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March 4, 2009 - 10:11pm
How is it possible that the comforter is warm, the blanket is warm, and the sheets are freezing? The sheets are under the blanket and comforter. Shouldn't they keep the sheets warm? I'm perplexed.A few days ago, some readers called me out on my claim that the average age of cc students is dropping. Apparently some national statistics suggest otherwise. I was surprised, since all of my counterparts across the state report the exact same thing I've seen. A quick search revealed a raft of different statistics, none of which were transparent about their methodology.
March 4, 2009 - 10:06pm
 I have vague memories of reading Seventeen magazine upstairs in my attic bedroom, alone and sequestered from my parents. Even though I was already enthralled with more ‘serious’ literature, I was never able to completely shun the cultural images that play on a young girl’s darker desires to be thin, mysterious and desirable. Brains are better than beauty, right?
March 4, 2009 - 7:14pm
I’m the best teacher who ever lived. Anyway I think that’s what the Provost said in the letter she sent to congratulate me for winning the Campus Award for Excellence in Undergraduate Teaching. I’m honored most by the fact that my former and present students generated and supported my nomination, and that I’ll be presented at a ceremony with a sack of money, which I hear will buy things.
March 3, 2009 - 9:17pm
Promoting sustainability at Greenback U. brings me into constant contact with both students and faculty. Each group has what I call its typical objection when presented with encouragement to behave more sustainably.
March 3, 2009 - 7:51pm
 The story in the Chronicle yesterday about California paying its community colleges in IOU's got me thinking about reserves, and the conflicting roles they play.In good years, some cc's are able to salt away some money and put it into reserves. (It's also commonly called a “rainy day fund.”) The idea is that public funding is notoriously and viciously cyclical, so having a pile of stray money can minimize the damage you have to endure in down cycles. Given how much of our budget is fixed cost, there's a real logic to this.But reserves are a tricky business.
March 2, 2009 - 10:18pm
 I read a piece in the Chronicle recently about learning to use unstructured time productively. Or, that’s what I thought it was about. As I read further, however, it seemed more to be about convincing people (and yourself) that you’re working when it doesn’t look like you are. That’s, of course, a very different animal, and one that academic mothers in particular may have trouble with.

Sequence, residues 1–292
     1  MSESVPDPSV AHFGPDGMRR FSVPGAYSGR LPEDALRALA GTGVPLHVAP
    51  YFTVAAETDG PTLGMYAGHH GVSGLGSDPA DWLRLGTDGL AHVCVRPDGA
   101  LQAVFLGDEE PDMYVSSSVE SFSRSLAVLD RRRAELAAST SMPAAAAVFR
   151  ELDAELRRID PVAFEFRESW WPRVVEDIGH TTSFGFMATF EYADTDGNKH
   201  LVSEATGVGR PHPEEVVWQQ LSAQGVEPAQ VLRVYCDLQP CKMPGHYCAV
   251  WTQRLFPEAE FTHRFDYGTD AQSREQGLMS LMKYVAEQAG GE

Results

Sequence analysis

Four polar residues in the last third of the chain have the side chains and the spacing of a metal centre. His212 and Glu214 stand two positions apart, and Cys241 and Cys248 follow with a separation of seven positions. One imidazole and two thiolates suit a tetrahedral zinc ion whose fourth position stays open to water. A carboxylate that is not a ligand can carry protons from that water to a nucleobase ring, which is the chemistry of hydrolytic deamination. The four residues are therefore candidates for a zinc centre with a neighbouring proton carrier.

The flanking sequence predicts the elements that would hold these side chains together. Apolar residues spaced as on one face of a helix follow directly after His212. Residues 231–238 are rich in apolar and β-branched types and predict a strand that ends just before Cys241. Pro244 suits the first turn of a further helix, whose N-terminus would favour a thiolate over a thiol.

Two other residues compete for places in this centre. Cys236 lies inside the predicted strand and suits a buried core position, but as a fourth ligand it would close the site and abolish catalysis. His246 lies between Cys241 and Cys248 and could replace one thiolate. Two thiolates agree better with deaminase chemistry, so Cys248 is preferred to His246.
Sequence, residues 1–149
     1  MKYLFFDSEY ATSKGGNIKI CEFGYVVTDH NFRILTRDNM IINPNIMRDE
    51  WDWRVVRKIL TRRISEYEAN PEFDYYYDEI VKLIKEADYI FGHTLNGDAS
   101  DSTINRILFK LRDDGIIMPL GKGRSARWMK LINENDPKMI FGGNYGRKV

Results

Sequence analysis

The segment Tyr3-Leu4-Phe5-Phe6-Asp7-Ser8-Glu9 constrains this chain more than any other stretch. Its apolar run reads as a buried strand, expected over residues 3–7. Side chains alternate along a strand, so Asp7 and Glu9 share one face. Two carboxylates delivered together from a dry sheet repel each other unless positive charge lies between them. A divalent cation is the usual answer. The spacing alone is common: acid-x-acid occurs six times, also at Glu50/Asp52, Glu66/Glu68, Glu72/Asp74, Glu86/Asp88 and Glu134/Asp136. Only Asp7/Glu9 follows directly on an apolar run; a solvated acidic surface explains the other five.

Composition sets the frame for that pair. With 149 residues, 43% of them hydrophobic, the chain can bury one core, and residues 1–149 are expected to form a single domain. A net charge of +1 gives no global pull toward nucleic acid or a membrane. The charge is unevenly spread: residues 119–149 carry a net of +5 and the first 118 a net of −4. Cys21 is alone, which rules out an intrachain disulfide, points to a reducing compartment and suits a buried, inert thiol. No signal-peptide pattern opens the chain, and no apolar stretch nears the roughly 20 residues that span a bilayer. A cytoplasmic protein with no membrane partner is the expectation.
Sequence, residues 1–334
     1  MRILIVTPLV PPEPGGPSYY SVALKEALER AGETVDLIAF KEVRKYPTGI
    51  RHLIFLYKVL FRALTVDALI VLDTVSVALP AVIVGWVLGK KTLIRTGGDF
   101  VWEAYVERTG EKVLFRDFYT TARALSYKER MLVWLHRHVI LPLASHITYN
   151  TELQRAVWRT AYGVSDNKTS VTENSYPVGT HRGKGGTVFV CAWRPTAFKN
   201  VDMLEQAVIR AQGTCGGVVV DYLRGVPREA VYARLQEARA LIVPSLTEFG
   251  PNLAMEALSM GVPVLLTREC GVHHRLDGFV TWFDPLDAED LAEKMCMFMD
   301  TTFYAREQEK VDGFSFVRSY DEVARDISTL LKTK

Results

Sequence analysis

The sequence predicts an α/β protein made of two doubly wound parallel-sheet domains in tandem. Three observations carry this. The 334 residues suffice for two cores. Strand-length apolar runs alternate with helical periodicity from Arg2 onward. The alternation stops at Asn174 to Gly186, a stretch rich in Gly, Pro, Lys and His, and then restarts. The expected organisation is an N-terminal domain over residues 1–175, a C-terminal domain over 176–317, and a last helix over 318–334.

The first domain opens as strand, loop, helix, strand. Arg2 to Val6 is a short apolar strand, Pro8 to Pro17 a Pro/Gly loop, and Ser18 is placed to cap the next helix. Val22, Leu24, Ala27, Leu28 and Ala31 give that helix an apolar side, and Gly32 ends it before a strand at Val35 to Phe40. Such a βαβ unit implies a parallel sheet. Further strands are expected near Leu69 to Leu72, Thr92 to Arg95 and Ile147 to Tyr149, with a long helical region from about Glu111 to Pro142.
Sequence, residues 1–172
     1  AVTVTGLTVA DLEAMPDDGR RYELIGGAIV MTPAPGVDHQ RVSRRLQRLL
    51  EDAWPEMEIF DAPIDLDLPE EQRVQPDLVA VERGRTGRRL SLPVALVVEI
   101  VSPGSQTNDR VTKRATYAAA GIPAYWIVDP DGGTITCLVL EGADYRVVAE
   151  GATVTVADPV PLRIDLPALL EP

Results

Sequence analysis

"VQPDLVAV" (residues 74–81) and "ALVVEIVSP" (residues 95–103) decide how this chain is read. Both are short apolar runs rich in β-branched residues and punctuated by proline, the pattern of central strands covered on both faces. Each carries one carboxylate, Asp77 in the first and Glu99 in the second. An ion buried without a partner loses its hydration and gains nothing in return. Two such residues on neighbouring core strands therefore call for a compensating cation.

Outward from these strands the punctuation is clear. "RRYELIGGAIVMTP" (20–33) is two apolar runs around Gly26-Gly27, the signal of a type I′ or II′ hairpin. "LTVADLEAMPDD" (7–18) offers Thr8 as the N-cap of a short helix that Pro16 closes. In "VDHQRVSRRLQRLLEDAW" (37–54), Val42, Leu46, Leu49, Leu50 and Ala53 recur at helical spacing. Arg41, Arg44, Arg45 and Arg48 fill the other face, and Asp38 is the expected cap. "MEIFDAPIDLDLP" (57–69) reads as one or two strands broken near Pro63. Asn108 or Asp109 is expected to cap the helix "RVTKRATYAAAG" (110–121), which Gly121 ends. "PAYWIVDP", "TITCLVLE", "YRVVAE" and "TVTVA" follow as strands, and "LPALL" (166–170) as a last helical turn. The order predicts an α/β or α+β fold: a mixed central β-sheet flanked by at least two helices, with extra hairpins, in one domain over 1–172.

March 2, 2009 - 10:07pm
A new correspondent writes:I've been doing some reading in economics lately and started wondering about higher education. What are the incentives to do administration well? Sure, there's personal satisfaction in a job well done. But what about it more broadly? How does change work into this? Without a simple goal like profit, I'm finding it hard to get even little service changes in administration. Maybe I'm simply not understanding the incentives at play? I understand (I think) the incentives at play for faculty and students, but what about administrators?
March 2, 2009 - 12:41pm
Over the weekend, I had the opportunity to watch an old (old, old) movie -- Trouble in Paradise. It was released in 1932, and starred Herbert Marshall, Miriam Hopkins and Kay Francis. Particularly enjoyable to this Rocky & Bullwinkle fan were Edward Everett Horton and Charlie Ruggles in supporting roles. (If that reference doesn't make sense, you haven't watched "Fractured Fairy Tales" nearly enough. And a fairy tale is what this movie is, through and through.)
March 1, 2009 - 8:41pm
  Dr. Crazy has a nice discussion over at her place about battles over curriculum. As she details it, her department has basically broken into two camps: the "eat your spinach" camp and the "let them take what they want" camp. I'm quite taken with the metaphor.

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